Clinton and Biden arrive at the Wilkes-Barre/Scranton International Airport on Monday.

Clinton and Biden arrive at the Wilkes-Barre/Scranton International Airport on Monday. Carolyn Kaster/AP

A Homecoming for Hillary Clinton and Joe Biden

The former colleagues visited Scranton, where both their families have roots, to appeal to its working-class voters.

For Hillary Clinton and Joe Biden, their joint campaign stop Monday in Scranton, Pennsylvania, was a play for the swing state’s crucial voters, particularly those from the white working class who Donald Trump has taken pains to attract.

But it was also something of a homecoming: Both the vice president and Clinton’s father, Hugh Rodham, were born in the city, a former coal-mining and manufacturing hub. Biden has long used Scranton as a symbol of the American dream, and often invokes his early years there as evidence he’s a man of the people. During his remarks Monday, he framed Clinton as a fellow child of Scranton: the product of one of its families, yes, but also of its ethos.

The city “is made up of so many people with grit and courage—I mean this sincerely, from the bottom of my heart—with grit, courage, determination, who never, never, ever give up,” Biden said. “They deserve someone who not only understands them, they deserve someone who's with them. And they deserve someone who's made of the same stuff. That's Hillary Clinton. That’s who she is.”

Monday’s rally marked Biden’s first appearance on the campaign trail with Clinton, his former Senate and Obama administration colleague. The two were originally scheduled to visit Scranton before the Democratic National Convention in July, where Biden gave a lengthy address on Clinton’s behalf. That trip was canceled after five police officers were killed in a shooting ambush in Dallas, Texas. During the Democrats’ Philadelphia convention, Trump made a visit to Scranton, where he vowed to restore manufacturing and mining jobs in Pennsylvania. “No state is more central to Mr. Trump’s uphill quest” for the presidency, The New York Times noted this week, though it’s voted Democrat in every presidential election since 1992. The Wall Street Journal recently reported on Scranton’s—and Pennsylvania’s—significance going into November:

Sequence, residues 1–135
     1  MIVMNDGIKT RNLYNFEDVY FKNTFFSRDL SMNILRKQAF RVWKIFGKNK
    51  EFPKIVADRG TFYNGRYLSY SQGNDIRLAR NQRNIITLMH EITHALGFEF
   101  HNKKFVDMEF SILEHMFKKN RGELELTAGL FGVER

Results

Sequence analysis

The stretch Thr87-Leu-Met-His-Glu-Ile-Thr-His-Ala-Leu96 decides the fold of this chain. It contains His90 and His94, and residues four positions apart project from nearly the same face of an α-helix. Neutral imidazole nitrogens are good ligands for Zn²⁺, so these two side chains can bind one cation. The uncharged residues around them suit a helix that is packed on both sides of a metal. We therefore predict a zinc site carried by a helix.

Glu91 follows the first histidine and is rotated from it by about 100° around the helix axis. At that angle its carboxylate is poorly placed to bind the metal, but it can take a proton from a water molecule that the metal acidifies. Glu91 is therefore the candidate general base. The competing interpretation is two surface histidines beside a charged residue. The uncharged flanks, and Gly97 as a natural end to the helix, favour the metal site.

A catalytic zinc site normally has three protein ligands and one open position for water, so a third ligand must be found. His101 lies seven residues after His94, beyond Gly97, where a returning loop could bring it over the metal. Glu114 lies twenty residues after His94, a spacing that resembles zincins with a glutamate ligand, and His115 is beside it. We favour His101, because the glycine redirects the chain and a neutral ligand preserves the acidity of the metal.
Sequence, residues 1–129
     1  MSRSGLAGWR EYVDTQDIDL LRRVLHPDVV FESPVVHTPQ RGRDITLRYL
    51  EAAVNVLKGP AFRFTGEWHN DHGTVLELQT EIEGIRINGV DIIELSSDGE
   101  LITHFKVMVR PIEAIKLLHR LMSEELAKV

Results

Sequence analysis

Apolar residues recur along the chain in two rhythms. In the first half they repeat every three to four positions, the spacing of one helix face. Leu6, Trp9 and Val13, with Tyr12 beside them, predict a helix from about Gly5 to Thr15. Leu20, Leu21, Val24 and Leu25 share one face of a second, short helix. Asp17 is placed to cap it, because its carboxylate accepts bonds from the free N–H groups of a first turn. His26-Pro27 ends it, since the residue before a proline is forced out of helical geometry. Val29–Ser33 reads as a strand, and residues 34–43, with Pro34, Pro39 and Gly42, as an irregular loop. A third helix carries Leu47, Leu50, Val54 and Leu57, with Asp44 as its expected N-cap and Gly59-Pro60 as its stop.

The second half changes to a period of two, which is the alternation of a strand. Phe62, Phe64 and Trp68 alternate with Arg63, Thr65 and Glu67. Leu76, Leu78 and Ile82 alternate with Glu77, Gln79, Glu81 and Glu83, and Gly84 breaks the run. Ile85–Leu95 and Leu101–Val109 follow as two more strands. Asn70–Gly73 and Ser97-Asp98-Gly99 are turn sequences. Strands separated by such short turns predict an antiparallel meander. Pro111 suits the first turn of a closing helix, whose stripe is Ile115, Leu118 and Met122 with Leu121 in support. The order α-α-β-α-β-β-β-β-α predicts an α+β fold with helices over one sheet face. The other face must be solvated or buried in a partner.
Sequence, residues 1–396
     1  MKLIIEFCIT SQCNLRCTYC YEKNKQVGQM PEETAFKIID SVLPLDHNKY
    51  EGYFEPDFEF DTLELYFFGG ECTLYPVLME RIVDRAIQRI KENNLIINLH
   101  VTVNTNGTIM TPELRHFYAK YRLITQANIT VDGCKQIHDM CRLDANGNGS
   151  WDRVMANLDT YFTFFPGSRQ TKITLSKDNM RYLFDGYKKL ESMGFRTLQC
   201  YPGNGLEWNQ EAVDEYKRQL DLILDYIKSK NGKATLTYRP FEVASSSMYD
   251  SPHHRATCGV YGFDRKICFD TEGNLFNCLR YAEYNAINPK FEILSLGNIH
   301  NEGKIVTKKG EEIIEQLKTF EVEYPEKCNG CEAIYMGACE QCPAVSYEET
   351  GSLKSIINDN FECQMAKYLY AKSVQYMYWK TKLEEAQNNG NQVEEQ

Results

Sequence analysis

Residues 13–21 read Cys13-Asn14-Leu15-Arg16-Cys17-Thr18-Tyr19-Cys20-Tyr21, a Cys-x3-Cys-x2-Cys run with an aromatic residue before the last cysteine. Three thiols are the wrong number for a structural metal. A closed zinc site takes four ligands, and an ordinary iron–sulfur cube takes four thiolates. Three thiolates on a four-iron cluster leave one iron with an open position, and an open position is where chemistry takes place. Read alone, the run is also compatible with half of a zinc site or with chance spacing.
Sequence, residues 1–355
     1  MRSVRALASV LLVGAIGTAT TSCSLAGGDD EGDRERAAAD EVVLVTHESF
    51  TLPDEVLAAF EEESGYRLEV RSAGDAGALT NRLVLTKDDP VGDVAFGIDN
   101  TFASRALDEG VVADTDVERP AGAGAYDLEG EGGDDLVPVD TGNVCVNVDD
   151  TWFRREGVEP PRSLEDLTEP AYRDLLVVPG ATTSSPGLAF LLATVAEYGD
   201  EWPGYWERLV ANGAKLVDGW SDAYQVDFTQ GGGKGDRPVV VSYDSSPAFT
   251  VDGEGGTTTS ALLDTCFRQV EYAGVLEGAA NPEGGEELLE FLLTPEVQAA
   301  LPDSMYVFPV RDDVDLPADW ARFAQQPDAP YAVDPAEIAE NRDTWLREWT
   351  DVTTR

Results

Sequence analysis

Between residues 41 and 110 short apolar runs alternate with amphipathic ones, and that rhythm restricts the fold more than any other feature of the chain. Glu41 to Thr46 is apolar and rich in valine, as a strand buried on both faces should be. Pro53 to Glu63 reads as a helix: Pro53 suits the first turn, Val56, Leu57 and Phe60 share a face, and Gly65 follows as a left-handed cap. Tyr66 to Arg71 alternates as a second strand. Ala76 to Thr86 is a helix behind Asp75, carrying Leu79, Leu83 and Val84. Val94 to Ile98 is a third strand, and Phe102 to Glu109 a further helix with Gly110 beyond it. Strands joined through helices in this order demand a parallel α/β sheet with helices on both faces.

Known as the setting for NBC’s comedy “The Office,” Scranton is the kind of community that is expected to be at the center of the fight between Republican Donald Trump and Mrs. Clinton. Mr. Trump’s path to the White House depends on winning big margins among white, working-class supporters to offset a major Democratic demographic advantage among nonwhites, especially in states like Ohio and Pennsylvania.

Scranton has long been solidly Democratic territory, but Mr. Trump hopes to change that, capitalizing on the region’s economic stagnation and anger over illegal immigration. For Mrs. Clinton, a key challenge will be to prevent further erosion of her support among working-class whites—a likely reason Mr. Biden has been tapped to aid her.

Biden serves as a useful surrogate for Clinton. He’s “courted” white working-class voters “with success in his more than four decades in politics,” the Los Angeles Times writes, adding that the vice president targeted these voters during President Obama’s two races. Her choice of running mate, Virginia Senator Tim Kaine, was widely seen as an appeal to this voting bloc as well.

While introducing Biden, Clinton told rally-goers about her family’s history in the city: how she was christened there, how her grandfather worked at the Scranton Lace Company, giving her dad a chance to go to Penn State. Her dad then similarly provided for her. “No matter where life takes me, I always remember: I am the granddaughter of a factory worker and the daughter of a small businessowner and I am so proud of it.” Then, drawing connections with Biden: “The story of the Rodhams and the Bidens isn’t unique,” Clinton said. “What’s unique is the country where those stories were written.” She also went after Trump: “Friends should not let friends vote for Trump,” Clinton told the audience, before pivoting to his company’s treatment of its workers. Trump has praised his organization’s child-care program, though the Associated Press has reported that’s solely for guests of his properties. “If you work for his business—if you clean the rooms, water the lawns, carry people’s bags, you get nothing,” Clinton said.

Biden, too, turned to Trump toward the end of his remarks. He characterized the Republican nominee as a man disconnected from everyday Americans and one incapable of keeping them and their children safe. Biden said he would’ve “thrown my body” in front of his late son, Beau, an Iraq War veteran, before letting him serve under President Trump. “My word as a Biden, no major-party nominee in the history of the United States of America—don’t cheer, just listen—has known less or been less prepared to deal with our national security than Donald Trump,” he said.